A.When Brexiteers and Remainers cast their votes in the EU referendum on June 23, 2016, extreme forecasts clashed. While the Friends of the European Union warned of a “catastrophe” for the United Kingdom, the opponents of the integration project promised a “global Britain” which, “freed from the shackles of the EU”, would develop even more splendidly.
An interim balance after the first five years should probably come to the conclusion that both sides applied a bit thick.
The phase leading up to an exit agreement was particularly chaotic. For three and a half years, the dispute over the implementation of the referendum plunged deeply torn British society from one crisis to the next, swept governments away and brought the venerable Westminster system to the brink of functioning.
Brexit and Corona consequences mixed up
Since Johnson’s election victory in December 2019, the country has calmed down politically, but has fallen into the clutches of the corona pandemic. This makes it difficult to consider the economic consequences of Brexit in particular, because both phenomena are mixed up.
It is undisputed that Brexit has damaged the UK export economy. In Germany alone, the United Kingdom has fallen from third to sixth place as the most important trading partner. It is unclear whether the slump is permanent or can be compensated for by the effect of new free trade agreements (the first with Australia has just been concluded).
Also Europe’s second largest economy
But one cannot speak of a catastrophe. The growth forecasts are good, the currency is stable, the City of London remained by far the largest financial center in Europe, and the now “sovereign” kingdom maintained its position as the second largest European economy.
The British government bears a little more weight in the political fallout. At the G-7 summit, Boris Johnson presented himself as the host who, in close collaboration with American President Joe Biden, can launch new initiatives. The considerable investments in the national military apparatus and the strategic leaning on the United States allow the nuclear power and the UN Security Council member Great Britain to continue to emerge as a leading country on the stage of international security policy. At the same time, however, it has become clear how much the Brexit has strained, even poisoned, relations with the EU, especially with France.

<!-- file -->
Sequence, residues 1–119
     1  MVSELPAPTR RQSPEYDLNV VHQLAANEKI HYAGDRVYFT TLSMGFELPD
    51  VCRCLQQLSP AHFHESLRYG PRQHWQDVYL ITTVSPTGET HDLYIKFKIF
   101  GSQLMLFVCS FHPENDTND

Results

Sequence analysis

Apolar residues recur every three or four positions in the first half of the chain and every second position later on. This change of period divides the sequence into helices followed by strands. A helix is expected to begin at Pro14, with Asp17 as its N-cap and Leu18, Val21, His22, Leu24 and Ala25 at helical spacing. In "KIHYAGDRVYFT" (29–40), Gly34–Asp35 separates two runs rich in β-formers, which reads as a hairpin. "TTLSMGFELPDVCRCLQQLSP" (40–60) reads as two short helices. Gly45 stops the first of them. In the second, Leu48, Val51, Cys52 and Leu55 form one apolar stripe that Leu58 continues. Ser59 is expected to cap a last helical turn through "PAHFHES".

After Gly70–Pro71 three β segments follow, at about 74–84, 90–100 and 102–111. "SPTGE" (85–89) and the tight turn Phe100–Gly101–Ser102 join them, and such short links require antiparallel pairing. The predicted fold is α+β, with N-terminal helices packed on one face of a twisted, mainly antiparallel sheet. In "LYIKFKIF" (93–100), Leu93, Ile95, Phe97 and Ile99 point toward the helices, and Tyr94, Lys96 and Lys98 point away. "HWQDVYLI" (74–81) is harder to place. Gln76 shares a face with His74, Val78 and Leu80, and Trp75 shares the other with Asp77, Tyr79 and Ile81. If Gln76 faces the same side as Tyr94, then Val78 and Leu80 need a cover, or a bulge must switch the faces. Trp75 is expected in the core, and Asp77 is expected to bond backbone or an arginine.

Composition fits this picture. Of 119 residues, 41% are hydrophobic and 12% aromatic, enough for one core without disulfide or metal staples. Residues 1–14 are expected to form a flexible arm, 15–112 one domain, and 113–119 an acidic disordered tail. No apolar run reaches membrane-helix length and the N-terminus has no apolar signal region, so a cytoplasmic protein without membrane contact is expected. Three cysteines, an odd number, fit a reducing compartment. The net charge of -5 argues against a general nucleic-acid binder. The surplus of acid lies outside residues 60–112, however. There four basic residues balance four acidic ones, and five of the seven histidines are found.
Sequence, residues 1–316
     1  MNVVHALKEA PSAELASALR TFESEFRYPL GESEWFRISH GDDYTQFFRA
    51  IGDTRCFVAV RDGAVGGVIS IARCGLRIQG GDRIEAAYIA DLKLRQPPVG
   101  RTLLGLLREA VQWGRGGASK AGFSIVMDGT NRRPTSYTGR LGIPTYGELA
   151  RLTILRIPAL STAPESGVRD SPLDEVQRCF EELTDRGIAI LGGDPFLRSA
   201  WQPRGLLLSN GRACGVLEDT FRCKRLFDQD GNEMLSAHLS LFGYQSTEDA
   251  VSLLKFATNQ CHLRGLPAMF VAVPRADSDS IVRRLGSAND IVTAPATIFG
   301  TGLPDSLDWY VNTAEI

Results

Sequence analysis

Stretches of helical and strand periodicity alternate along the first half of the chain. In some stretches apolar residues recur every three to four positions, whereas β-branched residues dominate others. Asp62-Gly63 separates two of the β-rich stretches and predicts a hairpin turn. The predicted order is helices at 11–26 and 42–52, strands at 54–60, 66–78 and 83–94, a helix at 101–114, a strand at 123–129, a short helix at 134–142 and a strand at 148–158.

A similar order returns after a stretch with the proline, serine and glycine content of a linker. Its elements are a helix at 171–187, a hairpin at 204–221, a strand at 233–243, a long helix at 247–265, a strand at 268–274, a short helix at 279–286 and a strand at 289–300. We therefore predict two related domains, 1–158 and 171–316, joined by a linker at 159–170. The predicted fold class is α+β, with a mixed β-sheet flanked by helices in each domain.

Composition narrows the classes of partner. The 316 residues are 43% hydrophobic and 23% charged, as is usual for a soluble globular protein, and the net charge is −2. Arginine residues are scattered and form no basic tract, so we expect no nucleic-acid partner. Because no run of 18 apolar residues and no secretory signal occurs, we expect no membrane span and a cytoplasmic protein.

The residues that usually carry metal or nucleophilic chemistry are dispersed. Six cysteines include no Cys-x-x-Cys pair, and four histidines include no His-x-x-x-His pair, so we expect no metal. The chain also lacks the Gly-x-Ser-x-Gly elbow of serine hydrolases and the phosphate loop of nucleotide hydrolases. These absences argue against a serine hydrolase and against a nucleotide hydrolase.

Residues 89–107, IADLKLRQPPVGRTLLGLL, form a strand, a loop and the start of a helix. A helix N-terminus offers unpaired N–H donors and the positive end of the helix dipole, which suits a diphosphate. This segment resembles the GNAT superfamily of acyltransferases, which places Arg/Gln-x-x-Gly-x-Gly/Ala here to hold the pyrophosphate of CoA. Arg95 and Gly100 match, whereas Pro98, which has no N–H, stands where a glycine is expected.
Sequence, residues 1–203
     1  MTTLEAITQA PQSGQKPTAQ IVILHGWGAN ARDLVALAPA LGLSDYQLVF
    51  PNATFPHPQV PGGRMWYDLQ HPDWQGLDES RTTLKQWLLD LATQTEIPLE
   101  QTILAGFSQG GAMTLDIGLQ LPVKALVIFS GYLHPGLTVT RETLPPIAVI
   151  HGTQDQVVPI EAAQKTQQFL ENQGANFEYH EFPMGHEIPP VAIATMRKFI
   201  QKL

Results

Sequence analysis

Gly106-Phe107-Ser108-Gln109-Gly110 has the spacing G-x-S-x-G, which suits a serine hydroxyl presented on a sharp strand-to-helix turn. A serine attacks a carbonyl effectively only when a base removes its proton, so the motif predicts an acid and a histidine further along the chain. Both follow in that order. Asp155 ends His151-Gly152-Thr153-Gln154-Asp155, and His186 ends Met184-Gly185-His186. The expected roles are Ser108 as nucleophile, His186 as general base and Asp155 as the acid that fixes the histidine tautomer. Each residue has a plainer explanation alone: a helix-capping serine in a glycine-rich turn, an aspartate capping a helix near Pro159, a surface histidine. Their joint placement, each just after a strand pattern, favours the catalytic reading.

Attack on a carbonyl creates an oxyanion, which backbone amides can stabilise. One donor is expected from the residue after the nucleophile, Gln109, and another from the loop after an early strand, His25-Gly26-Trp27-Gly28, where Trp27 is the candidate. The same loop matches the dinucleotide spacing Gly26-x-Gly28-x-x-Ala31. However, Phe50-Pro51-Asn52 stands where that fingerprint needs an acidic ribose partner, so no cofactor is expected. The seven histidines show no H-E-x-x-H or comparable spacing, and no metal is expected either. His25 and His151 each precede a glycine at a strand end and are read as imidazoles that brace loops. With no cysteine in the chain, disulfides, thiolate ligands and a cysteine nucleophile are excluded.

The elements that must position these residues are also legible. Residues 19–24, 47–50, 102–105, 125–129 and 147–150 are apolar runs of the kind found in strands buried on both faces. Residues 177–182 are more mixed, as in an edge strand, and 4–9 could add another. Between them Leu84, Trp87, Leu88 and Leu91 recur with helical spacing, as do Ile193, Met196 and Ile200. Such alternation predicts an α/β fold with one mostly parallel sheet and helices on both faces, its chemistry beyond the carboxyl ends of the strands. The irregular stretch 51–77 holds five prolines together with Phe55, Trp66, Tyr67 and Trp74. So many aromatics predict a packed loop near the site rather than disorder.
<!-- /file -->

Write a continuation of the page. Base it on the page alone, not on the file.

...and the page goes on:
The uncomfortable situation in Northern Ireland, where London has refused to fulfill its obligations under the Withdrawal Agreement for months, not only increases distrust on the continent. It also radiates negatively inwards. The centrifugal forces on the edges of the kingdom have grown ominously.
Legalistic stance in Brussels
The attitude of London and Brexit itself are primarily responsible for this. However, even British EU friends point out with concern that Brussels and other European capitals with their rigid, legalistic stance in the post-Brexit negotiations are not exactly helping to defuse the problems.
Johnson’s promise to ride into the morning sun when leaving the EU is accompanied by many shadows. The drifting apart of the British Union, especially Scottish separatism, will keep the government busy for years and tie up a lot of political energy. The frictions in the trade relations with the big neighbor could have been avoided with a different exit treaty.
The cultural disconnection from the continent, which is by no means limited to the termination of the Erasmus program, is now noticeable. The kingdom feels less European and again more like part of the “Anglosphere”. At some point even those Brexiteers who have a sense of historical ties and who by no means embrace America in all of its dimensions could regret this.
On the plus side, the British have more freedom of action. The successful vaccination campaign of the Johnson administration was even explained by the EU Commission President by saying that a “speedboat” sometimes has advantages over a “tanker”. The Johnson administration is now also allowed to experiment with aid packages (tailored to British interests), investment offensives and free ports without coming into conflict with a Brussels commissioner for competition.
Last but not least, London has made use of its new option to organize immigration according to its own needs. “Global Britain” is now – with (small) exceptions for refugees – only open to newcomers who can be shown to contribute to the economy.
How all the pros and cons of going it alone will develop in the long run will probably only be seen in a few years. So far it can be said that Brexit has not dragged the British into the abyss. But it also did not lead to imitators standing in line in the EU.